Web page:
My esteemed friend Jonathan Bernstein offers an unusually provocative hypothesis over at TAP about John Boehner and his job security. He argues the Orange Man can actually remain as Speaker pretty much as long as he wants. No, Bernstein doesn’t make the insider-y argument that shadowy Establishment Elites will keep Boehner in office even if he does something horrific like giving in to the need to keep the federal government operating or the United States solvent. It’s because nobody would want the job:

The incentives driving members of the Republican conference are all external to Congress; they’re found in Tea Party politics, the ways that the Republican-aligned press works, and other things that no speaker could do much to change. Since everyone—and especially any potential successor speaker—knows all of that, it’s unlikely that anyone would mount a coup against him. Any successor would rapidly find himself or herself with exactly the same problems plus one: There would be a new precedent established for what to do with the speaker when things go wrong—overthrow them.

Hmmm. So whereas multiple Tea Folk might want the honor and glory of purging Boehner for RINOism, no one credible would front a “coup” because they’d be in the same position or worse before long.

I’d like to believe Jonathan is right, because if that’s the actual situation, Boehner is in a position to set aside the Hastert Rule and his own alleged “strategy” and get through the fiscal crisis with House Democratic votes regardless of how much his backbenchers howl.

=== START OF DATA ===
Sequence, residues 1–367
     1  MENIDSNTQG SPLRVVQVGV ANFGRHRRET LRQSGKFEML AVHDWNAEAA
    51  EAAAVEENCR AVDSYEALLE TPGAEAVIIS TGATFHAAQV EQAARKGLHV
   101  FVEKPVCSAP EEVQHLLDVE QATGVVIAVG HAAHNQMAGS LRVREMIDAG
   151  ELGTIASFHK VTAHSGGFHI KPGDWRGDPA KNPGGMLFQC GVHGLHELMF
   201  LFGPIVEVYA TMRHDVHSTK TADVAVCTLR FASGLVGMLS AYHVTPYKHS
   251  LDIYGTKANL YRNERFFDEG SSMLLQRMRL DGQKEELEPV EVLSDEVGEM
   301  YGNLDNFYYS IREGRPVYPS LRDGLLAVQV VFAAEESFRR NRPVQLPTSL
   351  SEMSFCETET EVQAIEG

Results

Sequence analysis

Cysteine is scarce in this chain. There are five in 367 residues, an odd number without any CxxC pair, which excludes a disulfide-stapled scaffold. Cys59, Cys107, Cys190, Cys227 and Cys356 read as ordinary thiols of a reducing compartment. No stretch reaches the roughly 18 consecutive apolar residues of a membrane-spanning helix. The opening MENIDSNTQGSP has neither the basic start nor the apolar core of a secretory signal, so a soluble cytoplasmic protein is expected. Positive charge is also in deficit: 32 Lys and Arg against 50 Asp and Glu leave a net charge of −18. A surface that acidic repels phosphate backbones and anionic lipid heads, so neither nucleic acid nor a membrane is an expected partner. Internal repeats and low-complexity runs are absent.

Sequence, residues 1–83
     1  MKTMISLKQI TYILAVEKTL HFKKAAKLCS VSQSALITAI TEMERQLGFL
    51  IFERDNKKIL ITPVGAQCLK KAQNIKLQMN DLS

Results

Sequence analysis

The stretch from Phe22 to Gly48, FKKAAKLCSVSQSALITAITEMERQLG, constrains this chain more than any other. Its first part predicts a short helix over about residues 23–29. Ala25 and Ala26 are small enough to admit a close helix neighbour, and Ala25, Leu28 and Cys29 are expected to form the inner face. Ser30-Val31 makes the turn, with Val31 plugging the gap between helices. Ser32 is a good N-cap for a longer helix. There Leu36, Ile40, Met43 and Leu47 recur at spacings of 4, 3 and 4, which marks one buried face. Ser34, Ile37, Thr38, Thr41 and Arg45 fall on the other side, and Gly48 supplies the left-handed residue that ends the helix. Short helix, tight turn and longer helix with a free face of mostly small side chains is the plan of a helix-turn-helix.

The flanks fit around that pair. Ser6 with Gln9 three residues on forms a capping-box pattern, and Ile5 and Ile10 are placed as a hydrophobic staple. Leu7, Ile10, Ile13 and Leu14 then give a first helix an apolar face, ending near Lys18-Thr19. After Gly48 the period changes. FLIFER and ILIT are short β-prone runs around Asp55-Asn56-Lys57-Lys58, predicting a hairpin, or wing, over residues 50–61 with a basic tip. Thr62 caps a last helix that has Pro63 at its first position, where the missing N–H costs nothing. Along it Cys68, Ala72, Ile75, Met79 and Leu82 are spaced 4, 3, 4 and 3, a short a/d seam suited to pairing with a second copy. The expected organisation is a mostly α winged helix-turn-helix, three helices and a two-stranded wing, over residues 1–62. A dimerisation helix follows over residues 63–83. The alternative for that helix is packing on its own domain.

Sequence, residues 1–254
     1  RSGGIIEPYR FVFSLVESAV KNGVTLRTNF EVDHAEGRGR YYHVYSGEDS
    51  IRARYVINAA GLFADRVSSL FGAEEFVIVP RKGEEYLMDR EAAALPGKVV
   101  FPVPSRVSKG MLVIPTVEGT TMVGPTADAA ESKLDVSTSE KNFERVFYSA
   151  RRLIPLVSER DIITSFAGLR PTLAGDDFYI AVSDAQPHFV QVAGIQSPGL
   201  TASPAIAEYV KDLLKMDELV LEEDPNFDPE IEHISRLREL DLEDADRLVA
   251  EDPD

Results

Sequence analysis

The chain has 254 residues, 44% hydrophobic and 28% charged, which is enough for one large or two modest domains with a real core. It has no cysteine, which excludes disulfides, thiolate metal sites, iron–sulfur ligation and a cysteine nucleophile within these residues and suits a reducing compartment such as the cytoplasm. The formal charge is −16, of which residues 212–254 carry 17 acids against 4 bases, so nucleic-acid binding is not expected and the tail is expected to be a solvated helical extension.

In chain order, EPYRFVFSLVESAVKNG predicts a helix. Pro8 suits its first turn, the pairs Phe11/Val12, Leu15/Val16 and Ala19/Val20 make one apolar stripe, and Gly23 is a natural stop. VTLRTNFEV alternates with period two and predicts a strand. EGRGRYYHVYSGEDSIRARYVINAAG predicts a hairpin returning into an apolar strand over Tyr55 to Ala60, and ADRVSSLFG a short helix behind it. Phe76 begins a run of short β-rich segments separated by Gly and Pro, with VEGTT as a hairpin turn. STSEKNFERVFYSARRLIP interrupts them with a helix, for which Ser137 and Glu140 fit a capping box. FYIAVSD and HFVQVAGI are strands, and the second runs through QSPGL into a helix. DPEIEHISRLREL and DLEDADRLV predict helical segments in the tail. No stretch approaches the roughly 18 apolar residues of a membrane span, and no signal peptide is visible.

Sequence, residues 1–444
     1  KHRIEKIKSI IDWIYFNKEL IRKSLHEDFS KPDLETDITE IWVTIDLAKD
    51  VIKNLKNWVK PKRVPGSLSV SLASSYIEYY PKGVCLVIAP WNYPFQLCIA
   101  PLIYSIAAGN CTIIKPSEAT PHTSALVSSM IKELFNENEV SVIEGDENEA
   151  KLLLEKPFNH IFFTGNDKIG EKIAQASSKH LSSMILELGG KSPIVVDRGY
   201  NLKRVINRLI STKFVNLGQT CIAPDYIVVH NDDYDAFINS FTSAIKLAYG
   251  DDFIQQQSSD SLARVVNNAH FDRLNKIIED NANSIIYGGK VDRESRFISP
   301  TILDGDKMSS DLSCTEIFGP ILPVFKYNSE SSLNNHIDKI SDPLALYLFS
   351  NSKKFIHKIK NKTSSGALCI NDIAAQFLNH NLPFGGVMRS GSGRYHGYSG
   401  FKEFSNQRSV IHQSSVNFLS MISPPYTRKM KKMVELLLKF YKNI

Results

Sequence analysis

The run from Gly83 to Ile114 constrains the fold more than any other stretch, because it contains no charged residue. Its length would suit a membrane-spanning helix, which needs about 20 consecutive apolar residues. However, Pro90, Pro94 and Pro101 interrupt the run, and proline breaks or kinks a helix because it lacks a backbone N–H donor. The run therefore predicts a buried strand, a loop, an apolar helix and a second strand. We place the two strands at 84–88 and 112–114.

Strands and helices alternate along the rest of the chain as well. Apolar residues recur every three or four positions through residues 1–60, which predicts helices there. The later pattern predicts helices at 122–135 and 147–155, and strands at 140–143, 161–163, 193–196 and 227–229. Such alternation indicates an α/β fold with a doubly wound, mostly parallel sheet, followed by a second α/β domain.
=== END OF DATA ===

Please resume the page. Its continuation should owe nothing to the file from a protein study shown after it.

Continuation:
But I just don’t buy it. There are rich rewards in Republican politics that don’t involve being Speaker of the House. A coup leader might well want to spend the rest of his or her days earning rich speaking fees–or speaking on Fox News–as progenitor of the Great Revolt of 2013. Just look a what his role in the insane Defund Obamacare campaign has done for the public standing of Ted Cruz.

And you just can’t tell me no one would want to be Speaker for a month or year if a month or year was the only option–particularly if they are off the current leadership track or too far down in the hierarchy to aspire to such heights absent a mutiny.

Besides, the precedent of House GOP regicide was set long ago when Newt Gingrich openly conspired against Bob Michel, and then Tom DeLay openly conspired against Newt Gingrich (a conspiracy in which Boehner was himself a minor figure).

If Boehner’s actually bullet-proof, let’s see him show it by becoming reasonable sooner rather than later.

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Ed Kilgore is a political columnist for New York and managing editor at the Democratic Strategist website. He was a contributing writer at the Washington Monthly from January 2012 until November 2015, and was the principal contributor to the Political Animal blog.